• Customers will continue to be supported by Work Coaches online and over the phone, with jobcentres remaining open to help those who need extra support and are unable to interact with us on the phone or digitally.
  • Our Work Coaches will continue to deliver employment support programmes such as Kickstart and JETS, by phone or through online channels.
  • Face-to-face assessments for disability benefits remain suspended.
  • If you think you might be entitled to a health and disability benefit, you should contact us as soon as possible to make a claim in the usual way.
  • For existing customers, payments will continue as normal. Anyone who has a change in their needs should contact us immediately so we can ensure they are receiving the correct level of support.

On 3 November 2020, we also confirmed that the suspension of the Minimum Income Floor – for self-employed customers claiming Universal Credit in England, Scotland, and Wales – has been extended to the end of April 2021. This means that self-employed customers on Universal Credit will receive a payment that reflects their earnings at this difficult time.

For Scotland:

On 2 November, the Scottish Government introduced a new five level tiered system. The following will therefore apply to jobcentres and customers in Scotland:

Levels 0, 1 and 2 guidance:

  • Customers will continue to be supported by Work Coaches online and over the phone, with jobcentres remaining open to help those who need extra support and are unable to interact with us on the phone or digitally.
  • All jobcentres to remain open – maintaining social distancing and regular desk and communal space cleaning in line with current Covid-19 guidance.
  • If you think you might be entitled to a health and disability benefit you should contact us as soon as possible to make a claim in the usual way.
  • For existing customers, payments will continue as normal. Anyone who has a change in their needs should contact us immediately so we can ensure they are receiving the correct level of support.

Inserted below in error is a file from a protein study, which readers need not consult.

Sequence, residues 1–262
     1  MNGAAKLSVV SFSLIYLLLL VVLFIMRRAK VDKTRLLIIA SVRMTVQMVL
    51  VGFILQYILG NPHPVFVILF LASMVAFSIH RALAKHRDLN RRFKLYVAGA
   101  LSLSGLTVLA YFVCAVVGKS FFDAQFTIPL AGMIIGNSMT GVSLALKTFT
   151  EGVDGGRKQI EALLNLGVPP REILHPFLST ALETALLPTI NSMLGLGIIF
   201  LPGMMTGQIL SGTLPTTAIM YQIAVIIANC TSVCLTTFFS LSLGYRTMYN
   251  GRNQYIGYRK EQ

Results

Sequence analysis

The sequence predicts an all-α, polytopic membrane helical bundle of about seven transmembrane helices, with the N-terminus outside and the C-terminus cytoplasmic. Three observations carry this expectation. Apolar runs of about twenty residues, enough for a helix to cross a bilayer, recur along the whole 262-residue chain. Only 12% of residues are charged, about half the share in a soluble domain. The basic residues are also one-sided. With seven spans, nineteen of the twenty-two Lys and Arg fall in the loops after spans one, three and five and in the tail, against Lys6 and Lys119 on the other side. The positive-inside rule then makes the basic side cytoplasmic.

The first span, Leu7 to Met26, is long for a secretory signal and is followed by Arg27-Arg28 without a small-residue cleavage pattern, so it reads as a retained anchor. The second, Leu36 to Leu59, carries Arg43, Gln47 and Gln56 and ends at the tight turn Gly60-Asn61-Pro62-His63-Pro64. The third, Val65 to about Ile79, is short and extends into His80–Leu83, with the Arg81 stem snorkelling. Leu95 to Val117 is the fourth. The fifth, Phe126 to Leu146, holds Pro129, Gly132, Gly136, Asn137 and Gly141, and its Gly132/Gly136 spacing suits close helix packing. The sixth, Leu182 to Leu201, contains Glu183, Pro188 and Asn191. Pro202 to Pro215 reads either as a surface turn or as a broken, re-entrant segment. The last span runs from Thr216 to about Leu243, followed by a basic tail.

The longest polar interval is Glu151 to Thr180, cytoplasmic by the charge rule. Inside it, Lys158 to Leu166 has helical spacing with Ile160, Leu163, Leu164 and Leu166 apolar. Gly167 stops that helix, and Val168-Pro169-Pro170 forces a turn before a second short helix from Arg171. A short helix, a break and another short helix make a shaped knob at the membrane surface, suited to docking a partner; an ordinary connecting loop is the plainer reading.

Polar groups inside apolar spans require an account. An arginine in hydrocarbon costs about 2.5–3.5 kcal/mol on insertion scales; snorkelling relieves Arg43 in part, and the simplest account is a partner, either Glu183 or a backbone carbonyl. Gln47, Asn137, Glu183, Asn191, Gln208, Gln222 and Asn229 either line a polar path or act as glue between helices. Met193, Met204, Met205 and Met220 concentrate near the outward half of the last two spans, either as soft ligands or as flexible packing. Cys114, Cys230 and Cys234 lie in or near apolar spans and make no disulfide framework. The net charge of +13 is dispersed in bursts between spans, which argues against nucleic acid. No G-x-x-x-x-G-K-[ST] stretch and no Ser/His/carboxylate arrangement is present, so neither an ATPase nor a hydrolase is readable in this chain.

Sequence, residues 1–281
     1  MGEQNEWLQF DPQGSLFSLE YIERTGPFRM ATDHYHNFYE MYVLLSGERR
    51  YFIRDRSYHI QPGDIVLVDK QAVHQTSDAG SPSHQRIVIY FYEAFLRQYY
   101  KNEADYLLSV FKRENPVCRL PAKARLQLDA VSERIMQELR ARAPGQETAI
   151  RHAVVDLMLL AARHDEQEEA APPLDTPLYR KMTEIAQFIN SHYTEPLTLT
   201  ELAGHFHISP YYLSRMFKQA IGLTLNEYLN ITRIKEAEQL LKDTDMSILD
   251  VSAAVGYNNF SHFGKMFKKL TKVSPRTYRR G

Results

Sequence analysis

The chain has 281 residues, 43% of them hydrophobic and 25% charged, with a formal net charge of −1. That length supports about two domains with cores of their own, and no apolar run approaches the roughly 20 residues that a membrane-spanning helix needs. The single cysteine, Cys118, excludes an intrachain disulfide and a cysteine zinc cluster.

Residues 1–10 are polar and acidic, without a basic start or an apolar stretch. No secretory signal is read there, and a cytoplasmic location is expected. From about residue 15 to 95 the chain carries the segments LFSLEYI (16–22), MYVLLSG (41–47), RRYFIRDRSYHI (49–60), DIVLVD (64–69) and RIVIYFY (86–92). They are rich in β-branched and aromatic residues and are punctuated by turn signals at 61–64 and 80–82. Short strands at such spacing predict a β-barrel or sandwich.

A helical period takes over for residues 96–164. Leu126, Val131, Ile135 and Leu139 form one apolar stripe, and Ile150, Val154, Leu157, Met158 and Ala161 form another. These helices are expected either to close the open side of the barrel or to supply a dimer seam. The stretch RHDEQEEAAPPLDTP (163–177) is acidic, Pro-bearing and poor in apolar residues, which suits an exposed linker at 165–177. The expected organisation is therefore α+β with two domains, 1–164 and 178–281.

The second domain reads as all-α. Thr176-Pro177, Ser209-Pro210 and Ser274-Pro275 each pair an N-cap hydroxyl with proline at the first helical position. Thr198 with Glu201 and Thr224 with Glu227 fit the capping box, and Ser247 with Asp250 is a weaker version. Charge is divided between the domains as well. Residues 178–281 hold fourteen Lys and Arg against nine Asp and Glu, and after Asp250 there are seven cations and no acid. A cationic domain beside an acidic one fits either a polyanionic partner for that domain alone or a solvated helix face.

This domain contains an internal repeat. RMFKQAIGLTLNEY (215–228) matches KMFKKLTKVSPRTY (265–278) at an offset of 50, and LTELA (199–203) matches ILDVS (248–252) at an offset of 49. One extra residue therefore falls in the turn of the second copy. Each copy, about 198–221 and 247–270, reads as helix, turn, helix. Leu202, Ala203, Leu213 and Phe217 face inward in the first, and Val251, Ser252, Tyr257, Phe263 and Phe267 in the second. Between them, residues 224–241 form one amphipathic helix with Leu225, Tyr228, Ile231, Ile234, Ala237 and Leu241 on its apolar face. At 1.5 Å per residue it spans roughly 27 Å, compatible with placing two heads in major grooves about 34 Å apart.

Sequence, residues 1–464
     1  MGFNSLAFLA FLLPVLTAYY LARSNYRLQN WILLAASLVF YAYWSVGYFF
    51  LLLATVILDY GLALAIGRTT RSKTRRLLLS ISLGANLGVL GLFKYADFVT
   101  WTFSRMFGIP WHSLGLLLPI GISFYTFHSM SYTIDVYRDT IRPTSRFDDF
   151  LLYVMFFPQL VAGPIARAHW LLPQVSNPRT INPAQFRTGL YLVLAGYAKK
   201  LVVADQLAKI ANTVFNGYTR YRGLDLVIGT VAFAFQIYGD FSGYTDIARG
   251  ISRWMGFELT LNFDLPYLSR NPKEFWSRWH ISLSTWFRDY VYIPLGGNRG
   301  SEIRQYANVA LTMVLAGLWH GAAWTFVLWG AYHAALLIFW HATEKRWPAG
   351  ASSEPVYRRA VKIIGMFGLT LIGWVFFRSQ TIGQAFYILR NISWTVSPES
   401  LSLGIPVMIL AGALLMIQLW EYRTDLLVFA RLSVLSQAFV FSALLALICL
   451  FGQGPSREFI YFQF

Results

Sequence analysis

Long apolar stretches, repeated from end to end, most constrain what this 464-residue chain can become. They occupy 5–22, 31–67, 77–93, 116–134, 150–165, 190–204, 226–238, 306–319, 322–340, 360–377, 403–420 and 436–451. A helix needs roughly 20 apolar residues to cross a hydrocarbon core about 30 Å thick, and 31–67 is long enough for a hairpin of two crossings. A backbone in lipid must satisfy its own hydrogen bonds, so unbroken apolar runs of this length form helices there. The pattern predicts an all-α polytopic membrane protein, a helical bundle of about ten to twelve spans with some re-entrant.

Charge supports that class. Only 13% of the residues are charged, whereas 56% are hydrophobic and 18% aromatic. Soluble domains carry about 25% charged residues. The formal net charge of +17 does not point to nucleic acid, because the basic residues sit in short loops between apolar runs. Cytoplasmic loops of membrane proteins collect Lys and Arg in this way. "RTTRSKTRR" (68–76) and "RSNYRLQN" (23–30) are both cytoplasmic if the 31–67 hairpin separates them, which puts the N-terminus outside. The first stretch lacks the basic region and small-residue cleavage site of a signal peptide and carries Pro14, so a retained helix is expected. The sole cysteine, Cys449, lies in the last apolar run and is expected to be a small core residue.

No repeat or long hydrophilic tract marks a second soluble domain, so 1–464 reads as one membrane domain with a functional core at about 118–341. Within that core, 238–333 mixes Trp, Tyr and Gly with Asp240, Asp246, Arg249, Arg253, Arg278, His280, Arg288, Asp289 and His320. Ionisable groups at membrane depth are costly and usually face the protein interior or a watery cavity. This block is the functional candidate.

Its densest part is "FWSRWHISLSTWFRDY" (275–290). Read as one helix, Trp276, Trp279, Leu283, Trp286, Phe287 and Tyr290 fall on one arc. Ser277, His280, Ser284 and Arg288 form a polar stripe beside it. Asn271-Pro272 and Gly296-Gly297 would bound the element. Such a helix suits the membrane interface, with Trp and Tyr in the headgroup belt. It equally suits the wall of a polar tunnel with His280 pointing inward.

Levels 3 and 4:

  • For these levels, the jobcentre guidance in place for the new national restrictions in England until 2 December 2020 (above) will apply.

For Wales:

The Welsh Government introduced the two week ‘firebreak’ restrictions in Wales on 26 October 2020 that will last until 9 November 2020. The jobcentre guidance in place for the new national restrictions in England until 2 December 2020 (above) will apply during this period.

After 9 November 2020, the Welsh Government announced an easing of restrictions. From then, the following will apply to jobcentres and customers in Wales:

  • All jobcentres to remain open – maintaining social distancing and regular desk and communal space cleaning in line with current Covid-19 guidance.
  • Customers will continue to be supported by Work Coaches online and over the phone, with jobcentres remaining open to help those who need extra support and are unable to interact with us on the phone or digitally.

For Northern Ireland:

Please contact the Department for Communities for more information on measures introduced in Northern Ireland – 028 9082 9000.

A DWP spokesperson said:

Jobcentres have remained open throughout this pandemic to provide vital support and essential services to those whom we cannot help remotely.

These new measures will ensure that we can continue this support while keeping our colleagues and customers safe, following the latest Government and PHE guidance.”

FBS Small Business Index

The latest FSB Small Business Index has found that times are tougher than ever for small firms after two difficult years.